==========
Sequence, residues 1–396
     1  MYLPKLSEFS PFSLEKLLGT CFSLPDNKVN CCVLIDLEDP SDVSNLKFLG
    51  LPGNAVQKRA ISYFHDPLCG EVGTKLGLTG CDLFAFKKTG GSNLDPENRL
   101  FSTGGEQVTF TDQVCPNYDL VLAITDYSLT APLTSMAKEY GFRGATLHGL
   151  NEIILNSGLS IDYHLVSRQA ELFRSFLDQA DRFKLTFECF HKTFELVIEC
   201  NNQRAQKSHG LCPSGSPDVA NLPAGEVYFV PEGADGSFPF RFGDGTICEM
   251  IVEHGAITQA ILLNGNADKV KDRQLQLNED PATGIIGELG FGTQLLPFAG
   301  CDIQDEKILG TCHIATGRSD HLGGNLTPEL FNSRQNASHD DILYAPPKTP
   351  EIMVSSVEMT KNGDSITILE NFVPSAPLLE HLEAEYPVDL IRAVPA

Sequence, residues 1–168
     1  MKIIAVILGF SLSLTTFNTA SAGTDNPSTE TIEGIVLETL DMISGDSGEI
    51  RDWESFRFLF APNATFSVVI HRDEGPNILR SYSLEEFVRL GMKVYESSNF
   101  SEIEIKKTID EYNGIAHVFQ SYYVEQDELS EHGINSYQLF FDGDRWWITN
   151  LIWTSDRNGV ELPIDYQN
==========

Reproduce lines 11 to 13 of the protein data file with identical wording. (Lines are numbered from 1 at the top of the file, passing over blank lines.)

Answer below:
     1  MKIIAVILGF SLSLTTFNTA SAGTDNPSTE TIEGIVLETL DMISGDSGEI
    51  RDWESFRFLF APNATFSVVI HRDEGPNILR SYSLEEFVRL GMKVYESSNF
   101  SEIEIKKTID EYNGIAHVFQ SYYVEQDELS EHGINSYQLF FDGDRWWITN